Copyright slumlords.

Hugh Rundle has produced another thought provoking article, suggesting the current copyright system is doomed.

Librarians should not play along with this. Eli Neiberger told us earlier this year that our mission should be to ‘fight for the user’. Fighting for the user doesn’t mean signing petitions pleading with publishers to sell us their ebooks. It means looking for alternatives and spending your money with companies that do serve your communities needs properly. Show your community how to publish their own ebooks and bypass the publishers. Show your community how to curate their own newsfeeds using Twitter or Flipboard and cancel your subscriptions to crappy news aggregation databases. Refuse to subscribe to any service that requires your members to create a new account with the provider or an associated DRM software product. Question whether ALIA should really enshrine support for Copyright in its policy documents. Demand to know why IFLA opposes one of the few systems that could support the creation of cultural works without locking them down.

Winter is coming for the copyright slumlords. Make sure you rug up, and remember whose side you are on.

As Hugh knows, I’m closely involved with our library subscribing to a service that requires our members to create an account with a DRM product. That’s how we’re getting at least some popular ebooks into the library. I’ve read other arguments that we should boycott such providers so the publishers are forced to do it our way. I wouldn’t be surprised if the publishers preferred this – then they could just stop selling ebooks to libraries. The fact is, if we want some new release popular ebooks in the library (we can’t get them all), we’re currently forced to make some big compromises.

I’m going to try to guess what is in Hugh’s head and predict his response: that’s fine, let people buy ebooks at the cheap prices that will result when the copyright revolution hits. Libraries will need to reposition themselves as something other than popular fiction lending institutions if they are to survive.

One comment on “Copyright slumlords.

  1. Yes and no. I rewrote that post several times. It’s best to think of the library management strategies I describe in my blog as a sort of Turing Machine (https://en.wikipedia.org/wiki/Turing_Machine) for librarians rather than a management handbook. The idea is to provoke thought and debate, and present some goals to aim for rather than a picture of how the library service I work for is run. Maybe I need to write a post called ‘why I am a hypocrite’..!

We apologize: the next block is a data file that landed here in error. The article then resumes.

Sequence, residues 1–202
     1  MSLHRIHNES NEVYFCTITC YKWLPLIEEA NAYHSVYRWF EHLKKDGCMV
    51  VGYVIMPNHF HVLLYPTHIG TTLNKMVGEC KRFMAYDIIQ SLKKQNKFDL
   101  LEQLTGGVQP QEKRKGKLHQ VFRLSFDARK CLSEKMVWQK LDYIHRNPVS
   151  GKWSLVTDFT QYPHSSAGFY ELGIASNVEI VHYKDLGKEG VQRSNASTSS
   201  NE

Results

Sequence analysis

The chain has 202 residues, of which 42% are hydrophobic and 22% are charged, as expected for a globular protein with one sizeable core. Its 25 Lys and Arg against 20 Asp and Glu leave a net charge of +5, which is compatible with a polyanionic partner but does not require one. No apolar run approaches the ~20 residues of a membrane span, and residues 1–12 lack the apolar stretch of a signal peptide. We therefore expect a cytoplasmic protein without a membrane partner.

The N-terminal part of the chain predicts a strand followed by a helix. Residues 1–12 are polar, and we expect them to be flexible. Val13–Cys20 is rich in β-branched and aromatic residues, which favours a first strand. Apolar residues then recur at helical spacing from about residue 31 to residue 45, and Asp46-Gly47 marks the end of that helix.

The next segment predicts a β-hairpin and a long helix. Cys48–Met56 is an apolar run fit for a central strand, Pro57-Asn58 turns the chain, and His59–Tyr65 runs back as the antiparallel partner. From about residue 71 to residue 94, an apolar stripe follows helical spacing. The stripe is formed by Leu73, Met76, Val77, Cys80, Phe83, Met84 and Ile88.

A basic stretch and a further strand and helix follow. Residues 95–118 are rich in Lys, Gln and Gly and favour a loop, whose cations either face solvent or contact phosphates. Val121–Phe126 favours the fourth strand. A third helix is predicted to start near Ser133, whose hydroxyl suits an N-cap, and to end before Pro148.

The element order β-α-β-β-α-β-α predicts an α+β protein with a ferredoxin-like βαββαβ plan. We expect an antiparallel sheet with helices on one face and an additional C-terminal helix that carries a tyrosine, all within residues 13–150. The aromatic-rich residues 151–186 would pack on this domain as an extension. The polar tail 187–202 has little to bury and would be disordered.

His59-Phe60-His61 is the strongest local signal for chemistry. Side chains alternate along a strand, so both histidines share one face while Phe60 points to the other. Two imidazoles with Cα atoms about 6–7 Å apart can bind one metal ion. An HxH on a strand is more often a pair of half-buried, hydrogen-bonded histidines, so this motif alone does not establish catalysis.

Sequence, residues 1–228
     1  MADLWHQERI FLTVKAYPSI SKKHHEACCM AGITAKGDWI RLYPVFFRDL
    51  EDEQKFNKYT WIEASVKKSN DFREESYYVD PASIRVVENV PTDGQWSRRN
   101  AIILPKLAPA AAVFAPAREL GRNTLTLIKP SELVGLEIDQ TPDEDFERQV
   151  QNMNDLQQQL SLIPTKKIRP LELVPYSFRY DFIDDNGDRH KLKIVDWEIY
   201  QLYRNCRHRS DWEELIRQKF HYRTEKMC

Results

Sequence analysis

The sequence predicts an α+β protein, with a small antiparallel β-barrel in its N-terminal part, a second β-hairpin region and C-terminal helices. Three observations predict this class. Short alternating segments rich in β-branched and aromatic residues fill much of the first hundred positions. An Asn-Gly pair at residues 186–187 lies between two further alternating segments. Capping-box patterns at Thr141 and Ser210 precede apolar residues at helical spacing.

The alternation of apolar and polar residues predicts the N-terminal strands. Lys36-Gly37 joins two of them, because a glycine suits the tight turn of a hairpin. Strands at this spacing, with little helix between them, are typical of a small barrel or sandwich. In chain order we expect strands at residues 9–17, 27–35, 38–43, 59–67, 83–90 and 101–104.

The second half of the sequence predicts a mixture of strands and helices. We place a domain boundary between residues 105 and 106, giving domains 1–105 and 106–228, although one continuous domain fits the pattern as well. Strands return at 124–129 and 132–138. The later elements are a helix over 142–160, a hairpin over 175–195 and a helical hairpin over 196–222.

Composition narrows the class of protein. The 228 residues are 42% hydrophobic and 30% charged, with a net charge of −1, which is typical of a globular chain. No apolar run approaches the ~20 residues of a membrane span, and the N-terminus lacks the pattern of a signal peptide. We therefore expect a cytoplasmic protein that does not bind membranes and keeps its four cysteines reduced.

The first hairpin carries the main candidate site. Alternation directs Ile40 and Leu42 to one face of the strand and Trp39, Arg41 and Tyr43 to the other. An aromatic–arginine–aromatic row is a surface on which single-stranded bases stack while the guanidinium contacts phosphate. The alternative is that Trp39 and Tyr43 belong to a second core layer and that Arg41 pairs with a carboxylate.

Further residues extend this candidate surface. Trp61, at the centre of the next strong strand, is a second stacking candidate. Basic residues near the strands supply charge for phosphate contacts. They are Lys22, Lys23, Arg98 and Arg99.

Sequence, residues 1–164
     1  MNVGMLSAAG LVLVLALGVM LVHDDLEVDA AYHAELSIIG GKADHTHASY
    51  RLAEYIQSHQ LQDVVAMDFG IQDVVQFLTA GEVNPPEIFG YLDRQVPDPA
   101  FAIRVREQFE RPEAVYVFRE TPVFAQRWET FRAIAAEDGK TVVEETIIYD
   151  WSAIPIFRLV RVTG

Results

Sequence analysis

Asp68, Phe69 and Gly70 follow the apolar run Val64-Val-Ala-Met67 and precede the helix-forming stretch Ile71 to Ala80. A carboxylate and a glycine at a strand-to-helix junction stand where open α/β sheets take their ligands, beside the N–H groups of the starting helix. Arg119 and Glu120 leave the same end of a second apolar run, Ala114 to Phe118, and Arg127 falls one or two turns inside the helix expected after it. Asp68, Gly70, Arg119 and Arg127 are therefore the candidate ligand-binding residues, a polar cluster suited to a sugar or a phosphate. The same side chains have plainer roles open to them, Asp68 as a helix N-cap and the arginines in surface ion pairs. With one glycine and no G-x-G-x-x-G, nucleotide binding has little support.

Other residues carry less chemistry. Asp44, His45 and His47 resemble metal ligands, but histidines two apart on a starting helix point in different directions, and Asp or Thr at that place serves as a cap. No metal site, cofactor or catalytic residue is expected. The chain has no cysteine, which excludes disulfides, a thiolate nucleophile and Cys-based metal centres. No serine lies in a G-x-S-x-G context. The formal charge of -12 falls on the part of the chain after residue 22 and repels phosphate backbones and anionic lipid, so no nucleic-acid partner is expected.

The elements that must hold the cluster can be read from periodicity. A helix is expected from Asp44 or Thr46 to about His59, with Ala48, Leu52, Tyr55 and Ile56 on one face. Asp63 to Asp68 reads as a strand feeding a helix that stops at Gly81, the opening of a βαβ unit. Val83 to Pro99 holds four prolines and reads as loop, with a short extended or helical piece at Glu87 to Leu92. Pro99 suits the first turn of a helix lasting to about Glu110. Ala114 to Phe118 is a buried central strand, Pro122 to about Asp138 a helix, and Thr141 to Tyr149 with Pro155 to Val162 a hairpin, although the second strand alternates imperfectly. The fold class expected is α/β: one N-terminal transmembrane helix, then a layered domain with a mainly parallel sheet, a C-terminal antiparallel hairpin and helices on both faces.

You’re right in that I don’t think the copyright model is sustainable in a post-Internet world. Publishers are right to feel threatened by the rise of ebooks and libraries’ attempts to distribute texts in this way. The problem I see is that in our rush to offer whatever ebooks we can legally obtain and lend, libraries are making compromises on some of our core values. We’re letting publishers set the rules – the primary problem being that when our members are forced to sign up for an Adobe account and access ebooks from vendor sites, they are making a lot of information available to those companies about what they are reading as well as what they are browsing and searching for. The values of privacy and confidentiality regarding what our members are reading and accessing are at risk here, and I don’t believe that as a profession this is being given the consideration it deserves. I also don’t believe we’re adequately talking about these issues publicly.

    I’m not entirely opposed to boycotts, but I think that is a fairly desperate and negative way of approaching the problem. The key here is my comment on ALIA and IFLA policies,which I will probably flesh out a bit more in a future post. By shackling librarians to support copyright (even only in principle) ALIA is preventing us from rejecting copyright in favour of a better system that achieves the same aims. Specifically, IFLA policy rejects Public Lending Right because it is seen as an extension of basic copyright and a potential brake on libraries’ ability to obtain and circulate stock. Both of these positions assume that copyright is the only and best way to encourage creative output and reward authors. I don’t think this is the right policy for library professionals. Public Lending Right could quite easily remain without maintaining the restrictions of copyright as it currently stands – as system I feel would be better.

    So the is my long-winded way of saying your prediction is half-right, but my point was really that librarians as a profession need to be vocal around the idea of copyright, DRM and the rights and rewards for authors. The only viable direction for ebook prices is downwards. The value that traditional publishers, or indeed any publishers, add to the dissemination of texts is diminishing. The barriers between our members and the texts they want are increasingly artificial and the transactions we enable are increasingly tainted. Let’s talk about that.

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